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Doctors more likely to be deregistered for character flaws

Doctors are more likely to be banned from practice for having a sexual relationship with a patient than for misdiagnosing, breaching patient confidentiality or performing a wrong operation, according to a study by researchers at The University of Melbourne. They have found that Australian and New Zealand medical tribunals tend to deregister or remove doctors for character flaws and lack of insight rather than for errors in care or poor clinical knowledge.

16 Sep 2012

Doctors are more likely to be banned from practice for having a sexual relationship with a patient than for misdiagnosing, breaching patient confidentiality or performing a wrong operation, according to a study by researchers at The University of Melbourne.

They have found that Australian and New Zealand medical tribunals tend to deregister or remove doctors for character flaws and lack of insight rather than for errors in care or poor clinical knowledge.

They analysed 485 population misconduct cases over 10 years in Australia and New Zealand in which doctors were found guilty. Of the 79 cases in which doctors were guilty of a sexual relationship with a patient, 64 were removed from practice.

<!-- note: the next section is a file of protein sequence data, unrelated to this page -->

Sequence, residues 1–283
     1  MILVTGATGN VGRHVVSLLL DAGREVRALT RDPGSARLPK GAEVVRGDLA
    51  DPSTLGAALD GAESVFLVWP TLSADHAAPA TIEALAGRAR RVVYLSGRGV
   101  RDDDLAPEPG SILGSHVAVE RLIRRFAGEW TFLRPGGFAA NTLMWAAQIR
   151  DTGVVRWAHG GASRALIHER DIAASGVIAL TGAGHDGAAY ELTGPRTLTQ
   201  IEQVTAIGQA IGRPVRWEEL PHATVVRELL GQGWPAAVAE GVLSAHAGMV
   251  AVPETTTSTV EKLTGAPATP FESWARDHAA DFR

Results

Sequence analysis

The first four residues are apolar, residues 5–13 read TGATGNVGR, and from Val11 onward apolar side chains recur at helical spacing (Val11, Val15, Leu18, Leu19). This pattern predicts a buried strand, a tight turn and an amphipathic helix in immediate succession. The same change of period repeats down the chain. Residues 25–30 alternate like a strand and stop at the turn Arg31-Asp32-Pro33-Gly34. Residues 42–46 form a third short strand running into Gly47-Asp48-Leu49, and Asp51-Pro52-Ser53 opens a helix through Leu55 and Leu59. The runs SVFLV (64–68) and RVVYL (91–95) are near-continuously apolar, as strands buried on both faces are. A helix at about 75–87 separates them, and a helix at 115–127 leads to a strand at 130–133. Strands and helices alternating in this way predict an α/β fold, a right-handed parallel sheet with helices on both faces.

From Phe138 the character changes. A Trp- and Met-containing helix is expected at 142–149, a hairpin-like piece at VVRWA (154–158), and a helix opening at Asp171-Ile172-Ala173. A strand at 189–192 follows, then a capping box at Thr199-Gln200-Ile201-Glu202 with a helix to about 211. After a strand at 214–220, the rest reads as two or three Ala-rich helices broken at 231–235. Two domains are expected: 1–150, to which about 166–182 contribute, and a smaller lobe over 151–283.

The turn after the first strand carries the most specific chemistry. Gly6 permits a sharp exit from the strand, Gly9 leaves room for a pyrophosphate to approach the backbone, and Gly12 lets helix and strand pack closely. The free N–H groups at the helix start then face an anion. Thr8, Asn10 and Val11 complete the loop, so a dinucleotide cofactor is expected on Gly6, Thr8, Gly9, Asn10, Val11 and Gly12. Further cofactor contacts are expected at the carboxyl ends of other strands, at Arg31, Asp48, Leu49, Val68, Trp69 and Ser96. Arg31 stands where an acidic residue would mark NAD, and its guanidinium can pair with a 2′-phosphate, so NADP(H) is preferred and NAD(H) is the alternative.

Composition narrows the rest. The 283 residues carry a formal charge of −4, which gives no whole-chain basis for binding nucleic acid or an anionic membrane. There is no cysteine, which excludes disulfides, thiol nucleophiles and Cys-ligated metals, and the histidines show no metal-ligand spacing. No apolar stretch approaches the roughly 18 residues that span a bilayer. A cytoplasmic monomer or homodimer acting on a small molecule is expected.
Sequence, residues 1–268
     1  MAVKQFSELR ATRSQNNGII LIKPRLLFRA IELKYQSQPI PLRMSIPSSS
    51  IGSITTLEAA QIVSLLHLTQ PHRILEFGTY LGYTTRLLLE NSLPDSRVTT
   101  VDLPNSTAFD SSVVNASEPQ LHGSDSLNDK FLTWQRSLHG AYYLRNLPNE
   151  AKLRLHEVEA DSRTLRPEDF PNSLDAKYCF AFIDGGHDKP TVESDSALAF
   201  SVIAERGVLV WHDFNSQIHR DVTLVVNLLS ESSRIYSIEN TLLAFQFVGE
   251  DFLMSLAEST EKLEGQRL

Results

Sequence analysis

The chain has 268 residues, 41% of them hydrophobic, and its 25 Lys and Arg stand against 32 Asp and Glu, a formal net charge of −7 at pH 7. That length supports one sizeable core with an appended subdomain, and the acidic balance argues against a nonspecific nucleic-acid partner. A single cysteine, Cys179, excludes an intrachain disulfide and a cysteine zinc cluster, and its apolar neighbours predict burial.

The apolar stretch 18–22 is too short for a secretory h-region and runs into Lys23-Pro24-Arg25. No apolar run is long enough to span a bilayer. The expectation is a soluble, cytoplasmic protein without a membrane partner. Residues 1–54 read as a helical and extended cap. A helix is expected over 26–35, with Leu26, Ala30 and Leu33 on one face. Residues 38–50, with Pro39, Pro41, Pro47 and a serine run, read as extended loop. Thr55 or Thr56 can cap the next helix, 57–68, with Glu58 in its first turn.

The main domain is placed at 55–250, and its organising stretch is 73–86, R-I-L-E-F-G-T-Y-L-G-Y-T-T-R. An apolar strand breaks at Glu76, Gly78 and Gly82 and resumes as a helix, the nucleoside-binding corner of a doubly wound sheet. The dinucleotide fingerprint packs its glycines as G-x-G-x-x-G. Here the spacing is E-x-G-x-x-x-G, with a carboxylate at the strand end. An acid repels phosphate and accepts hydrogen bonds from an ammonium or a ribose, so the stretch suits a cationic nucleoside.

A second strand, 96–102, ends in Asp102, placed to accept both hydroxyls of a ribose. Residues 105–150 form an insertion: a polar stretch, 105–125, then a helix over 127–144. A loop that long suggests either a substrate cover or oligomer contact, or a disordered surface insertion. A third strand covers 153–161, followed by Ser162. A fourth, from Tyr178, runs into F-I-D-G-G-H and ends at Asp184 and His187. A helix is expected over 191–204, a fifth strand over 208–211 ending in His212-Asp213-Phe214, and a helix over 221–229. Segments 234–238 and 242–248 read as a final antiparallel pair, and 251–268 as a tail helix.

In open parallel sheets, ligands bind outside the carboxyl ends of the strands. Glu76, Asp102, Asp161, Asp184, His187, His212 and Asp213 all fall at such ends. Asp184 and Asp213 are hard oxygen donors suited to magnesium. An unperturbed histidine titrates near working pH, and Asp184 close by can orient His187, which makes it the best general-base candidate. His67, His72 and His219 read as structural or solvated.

While the study found that it was more common for doctors to be found guilty for inappropriate or inadequate treatment, those doctors were less likely to be removed from practice.

The researchers suggested that this might be the case as “dysfunctional behaviours and clear signs of bad character may be perceived as relatively untreatable”, while a lack of knowledge or problems in the work environment might seem easier to correct.

The researchers said that tribunals tended to dismiss the idea that patient consent had any weight, given the doctor/patient power imbalance.

KW


Published: 16 Sep 2012